September 26, 2017

OBVIOUS CHILD

Showing: Wednesday, October 8 – 8:00 PM
Title: Obvious Child
Year: 2014
Country: USA
Genre: ,
Director:
Actors: ,,

View Trailer
Purchase Tickets Now

ObviousLowResMeet the Filmmakers: Gillian Robespierre and Elisabeth Holm. Donna is a 28-year-old struggling stand-up comic from Brooklyn, complete with the requisite potty mouth. After what she assumes is a one-night stand, with a guy who is far from a hipster, she finds herself facing an unwanted pregnancy. The decision she makes, along with its attendant complications, is presented in a manner that’s non-judgmental, funny, serious and, above all, honest. USA, 2014, 84 minutes, rated R for language and sexual content

Meet the Filmmakers: Join writer/director Gillian Robespierre and writer/producer Elisabeth Holm in a discussion moderated by Susanna Styron.

“Donna may be as unmoored in broke bohemia as Lena Dunham’s girls, but unlike them, her gaze goes beyond her navel; you can picture— and want to know— the grown woman she’ll become. . . .” “A-“  – Leah Greenblatt, Entertainment Weekly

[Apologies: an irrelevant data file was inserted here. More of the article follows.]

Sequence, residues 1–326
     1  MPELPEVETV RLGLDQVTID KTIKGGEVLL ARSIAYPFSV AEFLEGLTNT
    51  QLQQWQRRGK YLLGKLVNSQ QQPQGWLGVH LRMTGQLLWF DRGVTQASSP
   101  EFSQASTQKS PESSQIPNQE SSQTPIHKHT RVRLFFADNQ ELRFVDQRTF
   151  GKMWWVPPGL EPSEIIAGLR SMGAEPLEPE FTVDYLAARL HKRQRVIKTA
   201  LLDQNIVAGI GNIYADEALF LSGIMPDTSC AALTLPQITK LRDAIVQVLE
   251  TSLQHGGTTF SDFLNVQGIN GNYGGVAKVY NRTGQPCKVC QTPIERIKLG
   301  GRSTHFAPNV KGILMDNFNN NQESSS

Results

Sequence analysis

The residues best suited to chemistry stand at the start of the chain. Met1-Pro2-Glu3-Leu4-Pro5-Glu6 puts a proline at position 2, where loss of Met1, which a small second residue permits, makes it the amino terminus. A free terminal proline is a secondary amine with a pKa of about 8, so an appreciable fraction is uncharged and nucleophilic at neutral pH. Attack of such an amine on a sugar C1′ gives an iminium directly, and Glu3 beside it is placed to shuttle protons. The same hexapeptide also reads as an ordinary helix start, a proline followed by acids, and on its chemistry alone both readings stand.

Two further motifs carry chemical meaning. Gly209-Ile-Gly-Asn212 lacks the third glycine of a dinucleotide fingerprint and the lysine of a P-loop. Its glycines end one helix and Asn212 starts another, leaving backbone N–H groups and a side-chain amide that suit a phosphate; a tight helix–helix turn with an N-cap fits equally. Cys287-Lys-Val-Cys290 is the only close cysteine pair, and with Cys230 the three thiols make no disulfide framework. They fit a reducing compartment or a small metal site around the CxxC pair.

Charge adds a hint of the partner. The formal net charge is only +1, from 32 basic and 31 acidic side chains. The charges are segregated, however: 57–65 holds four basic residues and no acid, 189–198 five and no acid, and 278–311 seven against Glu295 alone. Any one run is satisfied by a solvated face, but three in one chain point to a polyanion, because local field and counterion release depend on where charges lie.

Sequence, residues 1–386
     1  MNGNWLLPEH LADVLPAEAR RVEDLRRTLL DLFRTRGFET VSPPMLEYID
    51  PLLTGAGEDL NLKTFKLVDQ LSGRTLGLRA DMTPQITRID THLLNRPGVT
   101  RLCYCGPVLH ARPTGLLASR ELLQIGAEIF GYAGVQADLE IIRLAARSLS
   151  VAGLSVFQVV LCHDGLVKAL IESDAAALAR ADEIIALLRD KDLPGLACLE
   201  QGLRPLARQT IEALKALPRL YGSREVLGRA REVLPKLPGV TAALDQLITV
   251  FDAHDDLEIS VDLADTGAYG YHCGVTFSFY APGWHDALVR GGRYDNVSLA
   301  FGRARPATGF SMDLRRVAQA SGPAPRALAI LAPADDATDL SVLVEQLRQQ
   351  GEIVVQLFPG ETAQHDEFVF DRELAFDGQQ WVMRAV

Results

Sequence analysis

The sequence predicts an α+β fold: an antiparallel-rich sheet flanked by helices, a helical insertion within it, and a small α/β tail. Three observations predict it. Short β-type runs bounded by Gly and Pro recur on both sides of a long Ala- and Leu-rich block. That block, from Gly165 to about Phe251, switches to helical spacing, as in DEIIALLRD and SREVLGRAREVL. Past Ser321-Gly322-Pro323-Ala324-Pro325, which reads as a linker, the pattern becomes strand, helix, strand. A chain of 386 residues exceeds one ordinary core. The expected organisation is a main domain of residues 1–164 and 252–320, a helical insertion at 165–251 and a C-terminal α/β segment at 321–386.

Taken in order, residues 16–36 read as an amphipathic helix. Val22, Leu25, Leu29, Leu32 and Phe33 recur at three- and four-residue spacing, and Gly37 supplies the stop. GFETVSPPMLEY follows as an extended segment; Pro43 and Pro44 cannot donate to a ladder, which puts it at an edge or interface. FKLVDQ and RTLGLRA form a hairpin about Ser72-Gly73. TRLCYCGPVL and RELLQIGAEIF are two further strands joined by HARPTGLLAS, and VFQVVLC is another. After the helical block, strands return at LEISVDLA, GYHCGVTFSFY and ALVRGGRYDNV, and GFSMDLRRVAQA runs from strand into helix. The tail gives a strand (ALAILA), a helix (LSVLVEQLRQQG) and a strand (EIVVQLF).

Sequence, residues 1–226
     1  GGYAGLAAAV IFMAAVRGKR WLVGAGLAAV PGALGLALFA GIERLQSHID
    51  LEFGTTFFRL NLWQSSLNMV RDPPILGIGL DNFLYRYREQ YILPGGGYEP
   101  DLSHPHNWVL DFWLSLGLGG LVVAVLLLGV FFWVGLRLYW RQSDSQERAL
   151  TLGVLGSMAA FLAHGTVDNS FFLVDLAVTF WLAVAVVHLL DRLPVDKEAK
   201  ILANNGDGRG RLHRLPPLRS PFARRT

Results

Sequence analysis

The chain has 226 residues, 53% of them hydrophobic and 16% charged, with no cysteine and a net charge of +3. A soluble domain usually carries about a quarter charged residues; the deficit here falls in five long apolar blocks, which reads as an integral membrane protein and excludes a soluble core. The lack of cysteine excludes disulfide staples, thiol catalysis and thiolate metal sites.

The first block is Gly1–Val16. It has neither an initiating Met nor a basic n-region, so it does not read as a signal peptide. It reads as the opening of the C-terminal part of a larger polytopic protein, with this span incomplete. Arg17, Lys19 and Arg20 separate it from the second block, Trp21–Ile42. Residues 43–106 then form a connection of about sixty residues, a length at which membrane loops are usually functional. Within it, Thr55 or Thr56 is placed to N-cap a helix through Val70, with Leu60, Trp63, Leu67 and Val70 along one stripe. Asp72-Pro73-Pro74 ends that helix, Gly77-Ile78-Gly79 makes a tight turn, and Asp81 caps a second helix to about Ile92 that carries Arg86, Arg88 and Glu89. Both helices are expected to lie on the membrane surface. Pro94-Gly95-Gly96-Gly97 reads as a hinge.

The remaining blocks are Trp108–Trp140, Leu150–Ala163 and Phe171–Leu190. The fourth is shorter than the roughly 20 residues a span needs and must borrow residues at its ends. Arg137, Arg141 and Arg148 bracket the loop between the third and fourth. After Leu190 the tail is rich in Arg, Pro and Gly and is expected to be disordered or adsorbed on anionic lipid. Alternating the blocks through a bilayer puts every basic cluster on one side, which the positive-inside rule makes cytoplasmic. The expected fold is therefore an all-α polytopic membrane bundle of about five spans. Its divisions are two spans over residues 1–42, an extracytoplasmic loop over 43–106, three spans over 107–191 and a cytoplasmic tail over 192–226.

“Nobody’s going to confuse Gillian Robespierre’s likable rom-com Obvious Child with the best of Howard Hawks and Ernst Lubitsch, but for many women who see it—and quite a few men too— it will instantly become a landmark moment in cultural history. . . .Obvious Child is often scabrously funny in a post-Lena Dunham, post-Woody Allen New York comedy vein, and finds a star performance in the thoroughly unlikely personage of Jenny Slate, a stand-up comic and actress best known for her TV roles on Parks and Recreation and House of Lies.” – Andrew O’Hehir, Salon

“It’s a warm, sympathetic, very sloppy and often very funny little movie about a young woman who, among several other things, is not remotely ready to be a parent, and knows it.” – Ty Burr, Boston Globe

“There are as many awkward, discomfiting sequences in Obvious Child as there are interludes of genuine fun and romance. The result is a movie that feels risky and forgiving and, despite the traditional rom-com contours, refreshingly new.” – Ann Hornaday, Washington Post